• Massive interactive live events (MILEs)
    • Entertainers like Lil Nas X and Travis Scott have successfully staged massive concerts in virtual space. With the pandemic making large, in-person gatherings risky for the foreseeable future, it is likely that events like these will continue to have appeal for audiences craving excitement and interaction. How can you use virtual events to connect with your donors? What would your next fundraising dinner look like, if it could look like anything?

And speaking of fundraising…

Giving in the Metaverse

Now, all of these fancy new marketing techniques are only as good as the funds they help you to raise. And just as nonprofits have had to adapt to the advent of online payments, they may soon have to get ready to receive new kinds of donations made possible by the metaverse.

You’ve probably heard that certain NFT artworks sold for millions of dollars during the last year, and that even more modest sales are generating significant amounts of money for owners. What you might not have realized is that the income generated by these sales is taxable—meaning that there is a growing crowd of artists and investors looking for ways to offset their tax burdens through giving.

As cryptocurrency fundraising platform The Giving Block explains on its website: “Donations of property (like stocks, cryptocurrencies, and art) are typically tax-deductible in many countries like the US and UK. The best part? When donating appreciated property, the donor does not have to pay capital gains taxes and gets a fair market value deduction on their tax return. And as long as you’re donating to a registered charity [...] the charity doesn’t pay any taxes either.”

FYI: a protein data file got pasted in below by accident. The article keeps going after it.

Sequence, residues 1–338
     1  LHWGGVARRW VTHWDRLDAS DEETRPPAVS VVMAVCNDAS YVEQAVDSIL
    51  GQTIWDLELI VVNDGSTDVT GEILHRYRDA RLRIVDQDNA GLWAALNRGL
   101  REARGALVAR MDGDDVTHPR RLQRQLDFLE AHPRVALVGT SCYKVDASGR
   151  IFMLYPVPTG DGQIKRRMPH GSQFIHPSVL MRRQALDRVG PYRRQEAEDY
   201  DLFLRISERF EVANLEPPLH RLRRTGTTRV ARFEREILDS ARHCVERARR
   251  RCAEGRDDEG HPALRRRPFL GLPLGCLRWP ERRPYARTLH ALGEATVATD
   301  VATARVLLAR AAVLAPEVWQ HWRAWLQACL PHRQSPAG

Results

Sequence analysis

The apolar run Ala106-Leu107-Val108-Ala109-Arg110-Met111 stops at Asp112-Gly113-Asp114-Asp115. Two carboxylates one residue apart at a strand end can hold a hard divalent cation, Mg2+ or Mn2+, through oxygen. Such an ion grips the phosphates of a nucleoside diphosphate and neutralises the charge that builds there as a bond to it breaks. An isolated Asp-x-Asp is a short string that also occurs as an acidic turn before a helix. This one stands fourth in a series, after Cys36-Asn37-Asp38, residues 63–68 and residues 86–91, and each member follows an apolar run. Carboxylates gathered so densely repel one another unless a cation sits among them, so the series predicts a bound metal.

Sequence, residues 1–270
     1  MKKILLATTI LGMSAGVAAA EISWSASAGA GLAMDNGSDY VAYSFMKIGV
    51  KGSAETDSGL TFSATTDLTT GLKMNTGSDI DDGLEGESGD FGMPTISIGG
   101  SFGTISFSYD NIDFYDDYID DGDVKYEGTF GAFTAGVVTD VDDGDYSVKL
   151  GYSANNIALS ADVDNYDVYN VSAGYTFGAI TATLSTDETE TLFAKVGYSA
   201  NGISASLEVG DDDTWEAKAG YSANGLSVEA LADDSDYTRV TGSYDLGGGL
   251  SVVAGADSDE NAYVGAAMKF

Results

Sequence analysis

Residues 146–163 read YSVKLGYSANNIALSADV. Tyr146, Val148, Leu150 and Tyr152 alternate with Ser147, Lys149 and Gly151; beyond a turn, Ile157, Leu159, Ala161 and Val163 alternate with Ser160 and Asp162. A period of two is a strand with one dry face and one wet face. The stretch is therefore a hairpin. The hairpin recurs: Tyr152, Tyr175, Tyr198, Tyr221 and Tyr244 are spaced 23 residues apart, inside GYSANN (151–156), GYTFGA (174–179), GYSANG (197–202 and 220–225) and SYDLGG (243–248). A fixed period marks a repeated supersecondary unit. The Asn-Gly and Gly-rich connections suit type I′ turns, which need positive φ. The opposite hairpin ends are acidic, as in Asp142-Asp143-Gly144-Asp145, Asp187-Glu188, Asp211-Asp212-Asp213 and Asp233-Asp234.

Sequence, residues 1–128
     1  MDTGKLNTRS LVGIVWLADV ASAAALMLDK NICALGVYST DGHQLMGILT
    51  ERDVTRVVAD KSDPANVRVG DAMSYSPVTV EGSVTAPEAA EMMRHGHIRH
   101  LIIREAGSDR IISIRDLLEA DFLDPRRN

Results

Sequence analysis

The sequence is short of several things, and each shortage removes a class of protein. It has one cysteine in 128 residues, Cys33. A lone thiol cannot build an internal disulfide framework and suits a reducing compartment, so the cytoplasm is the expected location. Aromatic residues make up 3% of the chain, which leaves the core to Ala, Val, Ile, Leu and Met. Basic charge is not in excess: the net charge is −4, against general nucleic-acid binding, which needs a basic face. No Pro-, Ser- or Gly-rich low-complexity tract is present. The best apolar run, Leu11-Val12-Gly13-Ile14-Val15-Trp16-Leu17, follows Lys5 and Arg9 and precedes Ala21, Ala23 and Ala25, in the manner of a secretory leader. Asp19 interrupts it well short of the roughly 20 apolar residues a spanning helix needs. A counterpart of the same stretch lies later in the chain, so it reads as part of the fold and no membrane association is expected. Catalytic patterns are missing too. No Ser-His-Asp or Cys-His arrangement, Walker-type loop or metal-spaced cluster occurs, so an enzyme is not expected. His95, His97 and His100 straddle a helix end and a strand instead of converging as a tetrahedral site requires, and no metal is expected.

Accordingly, increasing numbers of creators are prepared to donate proceeds from NFT sales to worthy nonprofit organizations (like yours!). There’s just one problem: NFT sales are made with cryptocurrency, which many nonprofits don’t know how to accept.


The more ways your organization has to accept gifts, the less friction people will experience as they attempt to make donations. Just as you may have adapted over the years to accept donations via PayPal, Stripe, and other online platforms, you can give your organization an edge in the near future by making it easy for donors to contribute using new technologies and currencies.

Organizations like The Giving Block, Every.org, and Engiven can help nonprofits process cryptocurrency payments, giving them the ability to treat them as investments or turn them into cash. For those who’d like to own their nonprofit’s crypto donation process more directly, TechSoup.com outlines a number of ways to set your organization up for this kind of giving.

Getting Ready

While we’re still a ways away from fully immersive, Tron-style metaverses, simpler experiences aren’t too far in the future—and neither are the risks and opportunities they’ll bring.

By strategizing and experimenting today, you’ll put your organization in a good position to make the most of the metaverse tomorrow…and fulfill its mission of helping people, in whatever worlds may come.